Kanye West Reveals If He'll Vote in the 2020 Presidential Election

Kanye West knows who he’s voting for, come November 2020. In a new profile with GQ, West appears to stand firm on his support for President Trump and isn’t afraid of the potential criticism he’ll receive based on his decision. 

“I’m definitely voting this time. And we know who I’m voting on,” says West. “And I’m not going to be told by the people around me and the people that have their agenda that my career is going to be over. Because guess what: I’m still here! Jesus Is King was No. 1! I was told my career would end if I wasn’t with her. What kind of campaign is that, anyway? That’s like if Obama’s campaign was ‘I’m with black.’ What’s the point of being a celebrity if you can’t have an opinion? Everybody make their own opinion! You know?”

In the latest cover story, West also ruminates on his infamous “George Bush doesn’t care about Black people” line and explains how his approach back then was a form of “victim mentality.”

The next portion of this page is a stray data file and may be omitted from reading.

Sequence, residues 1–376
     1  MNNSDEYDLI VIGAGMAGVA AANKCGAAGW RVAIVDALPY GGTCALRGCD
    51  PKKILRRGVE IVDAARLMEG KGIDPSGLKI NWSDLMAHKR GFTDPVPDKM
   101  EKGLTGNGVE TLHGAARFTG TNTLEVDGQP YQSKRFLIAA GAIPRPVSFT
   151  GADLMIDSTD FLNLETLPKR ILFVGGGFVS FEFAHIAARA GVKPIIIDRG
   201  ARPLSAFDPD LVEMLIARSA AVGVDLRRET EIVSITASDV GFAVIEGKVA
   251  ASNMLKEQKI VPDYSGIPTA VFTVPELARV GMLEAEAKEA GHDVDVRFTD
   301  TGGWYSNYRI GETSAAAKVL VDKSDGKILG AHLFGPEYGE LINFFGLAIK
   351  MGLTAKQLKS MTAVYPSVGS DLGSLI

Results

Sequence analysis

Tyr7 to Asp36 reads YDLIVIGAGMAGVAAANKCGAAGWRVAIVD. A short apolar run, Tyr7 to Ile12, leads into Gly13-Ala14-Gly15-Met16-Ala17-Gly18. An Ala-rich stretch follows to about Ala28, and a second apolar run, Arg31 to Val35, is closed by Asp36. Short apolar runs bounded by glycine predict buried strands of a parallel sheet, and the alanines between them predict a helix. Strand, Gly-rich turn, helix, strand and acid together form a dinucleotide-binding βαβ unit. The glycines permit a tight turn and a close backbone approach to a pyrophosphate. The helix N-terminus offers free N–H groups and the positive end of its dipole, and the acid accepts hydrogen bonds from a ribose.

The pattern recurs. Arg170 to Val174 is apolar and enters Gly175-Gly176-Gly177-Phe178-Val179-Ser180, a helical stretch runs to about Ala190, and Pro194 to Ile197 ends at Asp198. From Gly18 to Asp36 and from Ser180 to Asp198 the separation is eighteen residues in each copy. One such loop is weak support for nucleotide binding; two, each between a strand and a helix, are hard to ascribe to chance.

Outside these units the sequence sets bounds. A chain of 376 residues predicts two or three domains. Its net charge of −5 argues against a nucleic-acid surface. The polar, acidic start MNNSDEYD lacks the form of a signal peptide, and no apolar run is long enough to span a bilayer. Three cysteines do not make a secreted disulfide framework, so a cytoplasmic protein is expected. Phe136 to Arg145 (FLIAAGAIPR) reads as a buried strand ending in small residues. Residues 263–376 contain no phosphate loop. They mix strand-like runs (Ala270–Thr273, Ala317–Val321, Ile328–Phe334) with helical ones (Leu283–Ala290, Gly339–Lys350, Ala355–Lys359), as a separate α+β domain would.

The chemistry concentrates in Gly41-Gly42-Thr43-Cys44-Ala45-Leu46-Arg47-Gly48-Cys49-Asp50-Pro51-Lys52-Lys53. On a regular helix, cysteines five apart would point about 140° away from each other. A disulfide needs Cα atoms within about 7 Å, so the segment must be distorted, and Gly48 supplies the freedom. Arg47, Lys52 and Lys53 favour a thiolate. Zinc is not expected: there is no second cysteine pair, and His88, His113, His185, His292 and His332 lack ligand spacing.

“George Bush doesn’t care about black people” is a victim statement,” he says. “This white person didn’t do something for us. That is stemmed in victim mentality. Every day I have to look in the mirror like I’m Robert De Niro and tell myself, ‘You are not a slave.’ As outspoken as I am, and the position that I am in, I need to tell myself.” 

West even slams critics who trashed his latest album Jesus Is King and says he’s enjoying making the music that satisfies him most. “I’m just focusing on myself. [laughs] You know, music to drive by. Music for me,” he relays. “I actually think Sunday Service is like the Wu-Tang Clan of choirs. “

He adds: “When you first heard Wu-Tang, it sounded completely different. It sounded more aggressive. It even sounded — I think artists are so concerned with perfectionism. All these people say Dark Fantasy was this album that was so good, and then people didn’t like 808s, they didn’t like Yeezus. Dark Fantasy, I just made it to that level because people were saying my career was going to be over. I always felt like “Power” was my weakest first single that I ever had, because I felt like it was bowing to the expectations.”